Can’t see the wood for the pecan trees
SKYE Blake may only be in Year 8, but she is not letting her age get in the way of having her voice heard.
As a former Grafton Public School student, Skye spent years playing beneath the iconic pecan trees that are soon to be removed from the playground. Here's what she had to say:
To The Daily Examiner,
My name is Skye Blake, an ex-pupil of Grafton Public School, and I highly object to the cutting down of 27 pecan trees that stand in the school gully. I am aware all the trees have been deemed extremely dangerous because of their age but a few of these trees haven't actually been around for 70 years and are still healthy and with occasional trimming would be fine for another few years.
This is the first time in 150 years of schooling there has been a death by a tree branch and the chances of this happening again is what, one in a million, two million, six million? Children have died in car accidents at pedestrian crossings, 291 children have died from drowning and 122 have died bike riding since 2011, yet we haven't banned cars, crossing roads, bike riding, having a bath or swimming.
As well as that, thousands of adults die from obesity and skin cancer a year. Yet we are able to eat freely and go outside whenever we please. I know how tragic the incident was in Sydney and I feel great empathy towards the family but cutting down all the "deemed dangerous" trees in all public schools is too extreme.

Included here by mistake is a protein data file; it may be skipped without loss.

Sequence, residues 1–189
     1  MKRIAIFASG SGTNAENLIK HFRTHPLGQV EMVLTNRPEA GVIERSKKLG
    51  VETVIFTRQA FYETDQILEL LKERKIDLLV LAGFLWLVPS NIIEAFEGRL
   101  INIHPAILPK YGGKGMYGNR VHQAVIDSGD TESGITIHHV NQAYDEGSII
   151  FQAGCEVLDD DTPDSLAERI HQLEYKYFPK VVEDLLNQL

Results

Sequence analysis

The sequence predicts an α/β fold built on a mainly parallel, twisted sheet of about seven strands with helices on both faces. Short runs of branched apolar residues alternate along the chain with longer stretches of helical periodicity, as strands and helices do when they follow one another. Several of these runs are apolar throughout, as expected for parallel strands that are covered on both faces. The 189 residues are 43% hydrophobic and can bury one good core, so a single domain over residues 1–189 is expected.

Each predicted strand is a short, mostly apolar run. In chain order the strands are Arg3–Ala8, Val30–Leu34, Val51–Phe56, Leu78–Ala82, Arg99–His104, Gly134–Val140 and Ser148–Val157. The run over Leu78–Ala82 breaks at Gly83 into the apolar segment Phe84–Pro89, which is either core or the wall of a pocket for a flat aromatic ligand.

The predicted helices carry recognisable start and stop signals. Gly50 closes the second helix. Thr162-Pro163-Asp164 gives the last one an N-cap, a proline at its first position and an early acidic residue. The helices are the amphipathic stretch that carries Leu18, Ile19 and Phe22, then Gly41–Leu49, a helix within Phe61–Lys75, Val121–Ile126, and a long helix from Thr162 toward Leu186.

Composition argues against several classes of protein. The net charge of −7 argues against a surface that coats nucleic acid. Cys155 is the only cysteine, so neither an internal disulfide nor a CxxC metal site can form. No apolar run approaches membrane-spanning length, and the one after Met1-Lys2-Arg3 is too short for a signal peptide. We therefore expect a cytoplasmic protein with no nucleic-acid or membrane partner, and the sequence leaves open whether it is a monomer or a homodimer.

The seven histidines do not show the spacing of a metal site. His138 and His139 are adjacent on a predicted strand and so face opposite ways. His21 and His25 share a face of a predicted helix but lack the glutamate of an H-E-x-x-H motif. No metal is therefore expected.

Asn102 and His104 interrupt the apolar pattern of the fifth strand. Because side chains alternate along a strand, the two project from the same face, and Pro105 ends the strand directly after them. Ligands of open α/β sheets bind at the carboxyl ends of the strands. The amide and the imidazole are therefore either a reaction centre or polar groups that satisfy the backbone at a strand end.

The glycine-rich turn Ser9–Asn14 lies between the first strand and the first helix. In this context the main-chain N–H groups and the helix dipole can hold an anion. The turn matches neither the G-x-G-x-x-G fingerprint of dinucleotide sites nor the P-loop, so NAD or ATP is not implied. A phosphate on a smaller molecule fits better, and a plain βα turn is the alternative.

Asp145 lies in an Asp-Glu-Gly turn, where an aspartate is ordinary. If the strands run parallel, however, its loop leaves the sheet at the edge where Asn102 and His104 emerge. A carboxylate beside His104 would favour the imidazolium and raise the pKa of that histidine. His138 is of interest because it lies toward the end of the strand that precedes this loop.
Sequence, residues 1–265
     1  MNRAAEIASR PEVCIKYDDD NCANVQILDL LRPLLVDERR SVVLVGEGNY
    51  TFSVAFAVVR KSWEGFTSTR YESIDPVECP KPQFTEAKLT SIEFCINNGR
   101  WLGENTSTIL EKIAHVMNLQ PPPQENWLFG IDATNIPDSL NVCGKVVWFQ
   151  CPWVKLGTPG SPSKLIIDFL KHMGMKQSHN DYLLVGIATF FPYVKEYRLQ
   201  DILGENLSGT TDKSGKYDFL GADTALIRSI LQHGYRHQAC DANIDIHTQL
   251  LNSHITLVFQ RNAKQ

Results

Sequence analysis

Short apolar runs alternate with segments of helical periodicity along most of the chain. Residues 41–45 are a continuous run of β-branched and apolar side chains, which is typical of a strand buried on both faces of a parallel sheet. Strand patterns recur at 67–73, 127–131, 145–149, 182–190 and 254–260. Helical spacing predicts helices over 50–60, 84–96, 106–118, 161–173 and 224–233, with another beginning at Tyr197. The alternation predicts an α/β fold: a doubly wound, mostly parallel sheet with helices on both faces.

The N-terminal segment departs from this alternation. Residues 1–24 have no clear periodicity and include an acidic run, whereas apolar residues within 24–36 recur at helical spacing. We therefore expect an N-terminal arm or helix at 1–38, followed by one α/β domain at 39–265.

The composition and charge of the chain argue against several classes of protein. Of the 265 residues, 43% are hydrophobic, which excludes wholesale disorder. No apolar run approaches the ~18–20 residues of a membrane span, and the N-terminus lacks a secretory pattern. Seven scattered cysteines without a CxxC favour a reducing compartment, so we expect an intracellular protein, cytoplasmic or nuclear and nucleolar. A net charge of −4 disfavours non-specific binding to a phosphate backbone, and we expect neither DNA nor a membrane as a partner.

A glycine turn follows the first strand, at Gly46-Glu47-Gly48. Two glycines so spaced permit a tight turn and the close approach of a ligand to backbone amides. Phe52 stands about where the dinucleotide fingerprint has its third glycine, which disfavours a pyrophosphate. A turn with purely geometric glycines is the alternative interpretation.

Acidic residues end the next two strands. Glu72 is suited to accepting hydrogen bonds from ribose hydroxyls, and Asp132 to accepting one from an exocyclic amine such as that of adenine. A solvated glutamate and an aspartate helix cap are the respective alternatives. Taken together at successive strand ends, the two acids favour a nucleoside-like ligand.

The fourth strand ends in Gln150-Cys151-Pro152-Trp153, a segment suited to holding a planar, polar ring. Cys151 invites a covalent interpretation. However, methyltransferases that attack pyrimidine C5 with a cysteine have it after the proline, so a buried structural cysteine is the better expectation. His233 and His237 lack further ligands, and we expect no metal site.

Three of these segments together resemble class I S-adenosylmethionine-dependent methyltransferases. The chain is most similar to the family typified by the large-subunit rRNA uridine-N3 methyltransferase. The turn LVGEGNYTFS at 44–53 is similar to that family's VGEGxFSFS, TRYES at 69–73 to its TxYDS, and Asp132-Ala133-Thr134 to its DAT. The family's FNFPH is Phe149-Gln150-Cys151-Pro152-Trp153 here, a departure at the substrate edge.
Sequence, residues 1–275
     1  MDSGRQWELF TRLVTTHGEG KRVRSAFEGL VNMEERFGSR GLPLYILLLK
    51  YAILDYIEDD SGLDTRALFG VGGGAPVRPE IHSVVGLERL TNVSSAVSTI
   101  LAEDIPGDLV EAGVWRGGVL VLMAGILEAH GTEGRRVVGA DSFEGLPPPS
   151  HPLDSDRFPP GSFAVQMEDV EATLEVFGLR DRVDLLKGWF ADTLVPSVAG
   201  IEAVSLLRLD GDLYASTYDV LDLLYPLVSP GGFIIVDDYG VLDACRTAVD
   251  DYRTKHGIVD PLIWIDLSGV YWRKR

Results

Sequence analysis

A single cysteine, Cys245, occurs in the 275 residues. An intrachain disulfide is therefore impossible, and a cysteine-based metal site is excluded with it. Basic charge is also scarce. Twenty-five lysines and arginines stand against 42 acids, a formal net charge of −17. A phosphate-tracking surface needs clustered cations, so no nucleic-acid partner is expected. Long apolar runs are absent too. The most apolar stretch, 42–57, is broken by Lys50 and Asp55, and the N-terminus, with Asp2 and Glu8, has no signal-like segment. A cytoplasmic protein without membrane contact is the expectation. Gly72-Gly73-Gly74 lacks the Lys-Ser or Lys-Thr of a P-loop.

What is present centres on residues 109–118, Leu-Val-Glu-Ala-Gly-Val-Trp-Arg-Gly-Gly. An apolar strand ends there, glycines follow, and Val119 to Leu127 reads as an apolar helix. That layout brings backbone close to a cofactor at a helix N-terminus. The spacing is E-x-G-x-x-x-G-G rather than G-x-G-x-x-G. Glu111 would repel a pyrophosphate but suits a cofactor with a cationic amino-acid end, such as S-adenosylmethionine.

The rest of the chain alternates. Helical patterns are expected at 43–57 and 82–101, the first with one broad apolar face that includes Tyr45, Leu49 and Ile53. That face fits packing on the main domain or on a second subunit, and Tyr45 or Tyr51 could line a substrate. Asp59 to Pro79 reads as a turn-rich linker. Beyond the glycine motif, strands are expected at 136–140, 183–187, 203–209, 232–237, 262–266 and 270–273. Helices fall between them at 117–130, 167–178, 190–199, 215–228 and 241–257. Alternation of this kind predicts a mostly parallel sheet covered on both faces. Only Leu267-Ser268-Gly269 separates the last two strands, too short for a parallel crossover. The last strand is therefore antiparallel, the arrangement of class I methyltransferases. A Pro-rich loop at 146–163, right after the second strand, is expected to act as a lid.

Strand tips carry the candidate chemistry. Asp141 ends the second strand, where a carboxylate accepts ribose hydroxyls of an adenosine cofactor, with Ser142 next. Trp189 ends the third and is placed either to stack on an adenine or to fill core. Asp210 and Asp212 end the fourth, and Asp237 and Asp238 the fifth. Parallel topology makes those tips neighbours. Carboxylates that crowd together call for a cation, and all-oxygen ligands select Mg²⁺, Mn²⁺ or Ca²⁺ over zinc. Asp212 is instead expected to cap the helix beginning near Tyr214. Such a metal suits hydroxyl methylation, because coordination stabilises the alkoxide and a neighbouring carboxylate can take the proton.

At school they teach us what is right and what is wrong. They teach us that helping protect the environment is right and destroying ecosystems is wrong, but how are we meant to believe this when our own leaders are killing the sharks in Western Australia, destroying the Great Barrier Reef and cutting down historic trees! We are taught that deforestation is wrong and must be stopped! But now it doesn't apply because of a very sad freak of nature that we can't control.
I know the school is looking for the most outstanding local millers to turn the wood into the finest furniture, but isn't the wood rotten? And I have never met a child who would rather sit in a chair than play under trees. Taking out the trees at the school is also taking away adventure, fun and imagination; these trees have been the start of many creative stories, artworks and make-believe games. Taking them out is taking away the kids' inspiration.
The extreme action towards the tragedy isn't reliable or well thought out. Yes, some of those trees are in need of cutting down but definitely not all 27 of them. I'm positive most of them could be kept standing with close surveillance. The trees may be going down, but I' m not and I'm sure others aren't either without a fight.